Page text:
Lots of entrepreneurs are flying solo these days, and these solopreneurs have a lot to do to get their businesses off the ground. After all, if you’re just getting started, you’re on your own, and you have to do it all. But as you gain momentum and confidence, the tasks start piling up; you need capital and marketing and relationship management, you need a website and a strategic plan and accounting, and you need just about everything else that keeps a successful business running. Eventually, you won’t be able to do it all — and you shouldn’t have to. Sooner or later, it will be time to bring on an employee or two to take on some of the load, and that means delegating tasks.


Help is always welcome, but if you’re a solopreneur, you’ve got to remember that your business is your dream, your goal, and your vision. As such, there are some things that you, as the captain of this ship, will need to take care of on your own, and that you should never delegate to another person. These are what successful entrepreneur and CPA Mel Abraham calls the CORES of business. The term is an acrostic meant to be both easy to remember and representative of how essential these components and tasks truly are. Ultimately, they are, as Abraham explains, “the things you can’t let go of.” Here’s what it all means.


C: Things that are critical to your business.

If it affects your operations or your profit, it’s your responsibility. As an entrepreneur, you probably already know this — it’s why you started a business in the first place. But it’s always good to remember that the main content creation and direction of your business is not something you want someone else to do for you. Otherwise, it’s not really yours. If you have the vision, you should be in charge of your business’s direction. You’ll be the most motivated, you’ll put the work in, and you’ll make sure it matches your dream.


O: Things that are original to your business.

What sets you apart from your competition? Your originality! Because it’s so critical to helping you stand out, it’s something that you’ll want to shape on your own. Again, if you’re a true entrepreneur at heart, you probably already have the drive to do this anyway, but you’ll want to consider it as you present your company to others and brand yourself. When it comes to your business, what does the world see? That’s up to you.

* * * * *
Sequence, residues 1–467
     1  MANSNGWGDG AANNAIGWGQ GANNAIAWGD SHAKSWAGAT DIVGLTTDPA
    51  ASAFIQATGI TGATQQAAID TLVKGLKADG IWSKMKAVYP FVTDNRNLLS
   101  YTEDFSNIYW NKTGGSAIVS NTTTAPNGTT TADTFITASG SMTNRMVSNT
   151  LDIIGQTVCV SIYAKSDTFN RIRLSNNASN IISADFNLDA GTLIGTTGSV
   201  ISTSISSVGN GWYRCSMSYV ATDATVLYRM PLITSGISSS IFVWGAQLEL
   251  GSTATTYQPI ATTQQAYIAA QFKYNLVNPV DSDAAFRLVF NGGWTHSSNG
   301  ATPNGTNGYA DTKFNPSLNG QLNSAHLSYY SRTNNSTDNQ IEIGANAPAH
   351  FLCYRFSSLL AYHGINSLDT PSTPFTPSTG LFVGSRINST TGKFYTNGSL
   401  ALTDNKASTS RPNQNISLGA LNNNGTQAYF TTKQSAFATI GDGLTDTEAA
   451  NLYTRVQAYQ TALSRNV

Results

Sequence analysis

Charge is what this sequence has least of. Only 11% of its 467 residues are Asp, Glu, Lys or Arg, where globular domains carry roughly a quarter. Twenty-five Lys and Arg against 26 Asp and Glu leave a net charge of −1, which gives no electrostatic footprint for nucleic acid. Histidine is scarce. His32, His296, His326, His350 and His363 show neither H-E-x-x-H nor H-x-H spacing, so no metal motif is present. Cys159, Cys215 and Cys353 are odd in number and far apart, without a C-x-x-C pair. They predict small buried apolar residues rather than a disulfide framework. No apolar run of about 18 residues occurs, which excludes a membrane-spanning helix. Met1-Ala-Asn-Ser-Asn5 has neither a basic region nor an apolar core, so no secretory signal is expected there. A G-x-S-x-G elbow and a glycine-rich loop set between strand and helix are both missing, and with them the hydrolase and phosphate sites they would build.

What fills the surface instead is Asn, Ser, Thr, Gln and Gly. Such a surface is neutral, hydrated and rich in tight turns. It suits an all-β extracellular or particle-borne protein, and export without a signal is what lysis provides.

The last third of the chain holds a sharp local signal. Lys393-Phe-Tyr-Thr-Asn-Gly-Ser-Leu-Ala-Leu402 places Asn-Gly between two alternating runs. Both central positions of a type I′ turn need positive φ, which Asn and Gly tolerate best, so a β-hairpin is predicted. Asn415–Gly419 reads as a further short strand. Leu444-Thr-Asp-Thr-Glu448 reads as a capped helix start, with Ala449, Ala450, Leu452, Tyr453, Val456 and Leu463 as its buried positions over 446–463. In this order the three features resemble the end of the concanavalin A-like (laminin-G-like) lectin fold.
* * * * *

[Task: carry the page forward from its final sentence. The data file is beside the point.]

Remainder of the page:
R: Things that impact your revenue.

No one’s going to be more concerned about the cash flow of your new business than you are. You understand the urgency, you understand the sustainability, and you understand that you won’t survive without it. How important is money? Well, as Zig Ziglar once said, “Money isn’t everything in life, but it’s reasonably close to oxygen on the ‘gotta have it’ scale.” Tasks related to the management of money, such as bookkeeping and accounting, can be outsourced when the time is right. Still, when it comes to things that affect your revenue and your profits, you’ll want to take care of those tasks yourself.


E: Things that keep your business expanding.

All businesses start small, but truly successful businesses find a way to grow. The strategy behind that growth is ultimately up to you as the entrepreneur. And while it’s OK for others to help you with implementation once you have a plan in place, the plan should be spearheaded by you. Leave the strategizing to someone else, and you risk creating a company that doesn’t align with your original intention.


S: Things that affect your business strategy.

Speaking of strategy, that’s entirely your department as well, whether it’s related to growth or anything else. You as an entrepreneur have incredible vision and an inherent ability to identify opportunities and go after them. That’s your gift — it’s what you bring to the table, and it’s why you started all these wheels in motion. You might hire other people who are good at other things, and hopefully you can recognize their talents and put them to work for you. But determining the overall strategy for your business rests, ultimately, on your shoulders.


Strengthen your CORES!

As a solopreneur, you’ll often find that you need some help. However, you need to maintain control of your business’s CORES. These five key components are what get your business off the ground and what keep it going. It’s great if you can delegate things outside of these to talented employees, especially if you don’t have the time or the finely tuned skills to handle them yourself. The CORES, however, are yours and yours alone.